Ever since I purchased my first Kindle over seven years ago, I’ve never felt the urge to fit a screen protector.
To date, I still choose to keep my Kindle “eu naturel” as it came out-of-the-box.
In this article, I’ll share why I don’t use a screen protector on Kindle, discuss some of the benefits (as there are some) and offer some insights to help you decide whether a screen protector is right for you.
There are several reasons why I do not use screen protector:
Unlike my phone which I carry around and is constantly being used, for most of its life, my Kindle is sat comfortably in a drawer (sad but true) and is generally used for reading in the evening. I only ever take it out in the garden if the weather is good.
To date, I have only ever damaged one screen, and that was the result of chasing after my daughter in a soft play area, as it turns out it was an expensive playdate. In general, I’m fairly careful when it comes to electronic equipment and rarely drop them, so there’s less chance of damage.
During the past decade we’ve seen real advancements in screen technology, with brands such as Gorilla Glass and their patented chemically strengthened glass.
Also, the frame of the device is raised by approx. 2mm which reduces the chances of cracks and scratches should it fall.
You certainly feel the difference between a regular mobile screen and Kindle. The matt screen feels ever so slightly rough, as if there is some surface tension when you draw your finger across it.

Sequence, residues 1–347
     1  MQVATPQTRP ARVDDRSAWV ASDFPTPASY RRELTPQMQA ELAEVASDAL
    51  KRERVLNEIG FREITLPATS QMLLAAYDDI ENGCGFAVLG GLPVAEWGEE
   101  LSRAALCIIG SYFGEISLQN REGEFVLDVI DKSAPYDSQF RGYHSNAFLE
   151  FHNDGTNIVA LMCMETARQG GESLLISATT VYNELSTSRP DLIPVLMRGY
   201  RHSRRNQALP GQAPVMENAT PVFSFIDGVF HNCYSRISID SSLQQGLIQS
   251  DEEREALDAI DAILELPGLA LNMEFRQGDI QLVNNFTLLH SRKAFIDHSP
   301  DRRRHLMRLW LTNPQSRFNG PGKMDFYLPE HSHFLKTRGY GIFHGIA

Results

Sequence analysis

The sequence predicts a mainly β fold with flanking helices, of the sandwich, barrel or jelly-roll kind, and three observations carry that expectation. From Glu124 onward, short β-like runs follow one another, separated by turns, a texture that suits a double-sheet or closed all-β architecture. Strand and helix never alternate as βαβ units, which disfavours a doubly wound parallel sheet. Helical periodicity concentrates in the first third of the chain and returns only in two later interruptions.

Whilst it’s unlikely that Amazon will ever replicate the feel of a regular book, covering the display with a cheap screen protector takes away all of the research and development that has gone into making the current display as good as it is.
As well as losing texture, a screen protector will also introduce glare due to the polyethylene terephthalate (PET) material it’s made from. While some manufacturers will tout anti-glare technology in their screen protectors, the reality is that they will not come even close to the design and millions of dollars spent creating the best anti-glare screen on the Kindle.
If all the above wasn’t enough of a reason, one of my biggest pet peeves is when it comes to installing a screen protector. No matter how many times I try, I just cannot get rid of those tiny bubbles that are trapped between the screen and the film.
This may not bother you. However, I would imagine after reading for a while I would find this irritating, especially if it’s smack bang in the center of the display!
OK, so we’ve established that I’m not keen on-screen protectors on my Kindle, but that isn’t to say you shouldn’t too.
In fact, screen protectors will offer some degree of protection from scratches and impact damage that you would otherwise not have. So, if you are concerned about damaging the screen here are some of the advantages of having a screen protector.
Scratch Resistance – Screen protectors will protect your display from potential scratches, and you don’t have to spend too much money on a screen protector to get grade 6 protection which I’ll discuss later. Suffice it to say having an added layer of protection will stop your display from being scratched.